“Would you tell me, please, which way I ought to go from here?”
“That depends a good deal on where you want to get to,” said the Cat.
“I don’t much care where–” said Alice.
“Then it doesn’t matter which way you go,” said the Cat.
Alice’s Adventures in Wonderland, Lewis Carrol 1865
One of the most important things Scrum sets out to do is to increase our chance of building the right thing. We deliver working software in short sprints and make sure we get frequent feedback from our customers and/or users to see that we’re on the right track. If it turns out we’re not, we correct the course and adjust our product backlog.
That’s all well and good, but is it enough?
If we’re not careful, we risk focusing too much on getting our heads down and completing as much work as we can. If we don’t have a clear vision for what we’re trying to achieve, the danger is we might end up just a “bunch of stuff”. Albeit very efficiently.
Further, if our innovation only happens within the sprints, we also limit how innovative we can make the product. There is, after all, very much a limit to how ground-breaking our ideas can be if we also need to implement them, all within just a couple of weeks.
Product development requires us to see the big picture
Perhaps surprisingly to some, the Scrum framework doesn’t tell you anything about how to handle the product vision or strategy. Look for either of those in the Scrum Guide and you will find nothing.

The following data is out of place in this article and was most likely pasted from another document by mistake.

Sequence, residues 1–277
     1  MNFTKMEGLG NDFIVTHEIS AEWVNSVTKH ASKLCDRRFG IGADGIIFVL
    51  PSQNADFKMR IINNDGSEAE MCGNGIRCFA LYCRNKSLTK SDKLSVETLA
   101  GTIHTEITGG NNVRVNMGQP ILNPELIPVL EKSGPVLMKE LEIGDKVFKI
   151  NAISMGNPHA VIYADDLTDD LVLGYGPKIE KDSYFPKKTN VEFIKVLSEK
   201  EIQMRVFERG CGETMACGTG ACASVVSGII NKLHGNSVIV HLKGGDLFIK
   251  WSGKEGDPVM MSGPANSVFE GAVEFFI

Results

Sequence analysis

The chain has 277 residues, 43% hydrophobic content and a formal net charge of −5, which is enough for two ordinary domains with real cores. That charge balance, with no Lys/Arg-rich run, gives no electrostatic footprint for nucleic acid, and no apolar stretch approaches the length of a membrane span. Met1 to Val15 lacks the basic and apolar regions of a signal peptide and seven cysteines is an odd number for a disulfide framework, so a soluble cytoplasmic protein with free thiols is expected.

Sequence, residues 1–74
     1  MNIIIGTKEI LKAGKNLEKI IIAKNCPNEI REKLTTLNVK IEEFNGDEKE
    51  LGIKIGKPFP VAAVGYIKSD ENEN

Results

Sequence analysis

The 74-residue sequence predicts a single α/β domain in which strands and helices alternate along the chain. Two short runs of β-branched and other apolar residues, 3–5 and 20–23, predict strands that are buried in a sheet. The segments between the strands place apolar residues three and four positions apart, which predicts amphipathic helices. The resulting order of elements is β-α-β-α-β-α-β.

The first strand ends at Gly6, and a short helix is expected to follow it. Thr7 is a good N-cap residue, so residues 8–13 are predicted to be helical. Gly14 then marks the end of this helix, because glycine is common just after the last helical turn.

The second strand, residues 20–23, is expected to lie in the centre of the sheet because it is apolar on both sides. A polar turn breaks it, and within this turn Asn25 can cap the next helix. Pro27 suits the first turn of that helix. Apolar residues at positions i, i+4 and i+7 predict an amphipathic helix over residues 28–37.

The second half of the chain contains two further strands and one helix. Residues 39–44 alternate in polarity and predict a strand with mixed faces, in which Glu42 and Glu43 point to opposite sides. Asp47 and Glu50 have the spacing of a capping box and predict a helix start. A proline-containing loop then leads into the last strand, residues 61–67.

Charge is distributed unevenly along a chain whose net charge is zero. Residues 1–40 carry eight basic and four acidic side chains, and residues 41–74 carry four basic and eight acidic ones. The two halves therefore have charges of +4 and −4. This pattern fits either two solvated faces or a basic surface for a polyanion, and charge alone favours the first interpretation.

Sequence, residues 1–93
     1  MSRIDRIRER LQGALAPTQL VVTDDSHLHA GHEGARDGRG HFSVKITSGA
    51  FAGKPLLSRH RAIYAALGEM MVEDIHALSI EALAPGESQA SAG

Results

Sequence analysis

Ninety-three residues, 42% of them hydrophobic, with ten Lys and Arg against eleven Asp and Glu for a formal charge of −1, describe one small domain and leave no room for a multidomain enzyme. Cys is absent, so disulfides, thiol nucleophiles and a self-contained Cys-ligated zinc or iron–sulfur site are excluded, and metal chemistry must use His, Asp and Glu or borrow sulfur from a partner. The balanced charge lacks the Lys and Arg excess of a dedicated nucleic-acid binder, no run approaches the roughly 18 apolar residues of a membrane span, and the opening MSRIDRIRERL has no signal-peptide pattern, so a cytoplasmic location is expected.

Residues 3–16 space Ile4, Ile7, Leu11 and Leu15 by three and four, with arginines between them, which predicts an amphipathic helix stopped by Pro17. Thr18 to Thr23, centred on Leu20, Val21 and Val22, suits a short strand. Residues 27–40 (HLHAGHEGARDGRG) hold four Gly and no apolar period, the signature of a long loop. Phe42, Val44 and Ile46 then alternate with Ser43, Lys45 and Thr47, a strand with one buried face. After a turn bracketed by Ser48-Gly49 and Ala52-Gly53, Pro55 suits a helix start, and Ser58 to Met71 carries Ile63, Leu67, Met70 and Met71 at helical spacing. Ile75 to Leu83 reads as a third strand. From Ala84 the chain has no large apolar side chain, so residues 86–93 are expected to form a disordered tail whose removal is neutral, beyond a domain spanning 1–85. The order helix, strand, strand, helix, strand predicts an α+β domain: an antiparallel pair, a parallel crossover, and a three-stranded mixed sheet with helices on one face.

However, for a product owner who is responsible for maximising the value of the product, they are essential.
Even, or particularly, in Scrum, we need to know what we are doing and why:
- Product vision – why are we doing what we’re doing?
- Product strategy – what is the path to achieving our vision?
- Roadmap – how do we implement the strategy?
Without these in place, the risk is that we just get too bogged down in the day-to-day, tactical delivery. We end up making small, incremental improvements that make things slightly better but fail to create that awesome product.
The product vision answers why we’re doing what we are doing. A couple of examples:
- Ikea: “To create a better everyday life for the many people”
- Spotify: “Give people access to all the music they want all the time – in a completely legal & accessible way”
Admittedly, these are corporate visions rather than product visions, but I like them nevertheless. They show how a good vision is short and memorable.
The strategy describes the path to reaching the product vision:
- Who are we targeting?
- What problem is our product solving for them? What benefits does it give them?
- What is our product and how does it stand out from the competition?
- What are the business goals of the product?
One way to formulate this strategy can be to use a Lean Canvas as template.
In contrast to the product vision, which is unlikely to change, the product strategy can and should be updated as we learn more about the product through the experiments and features we deliver in our sprints.
It can even turn out that our strategy is completely wrong and we need to replace it with something different. The sooner we find that out, the better!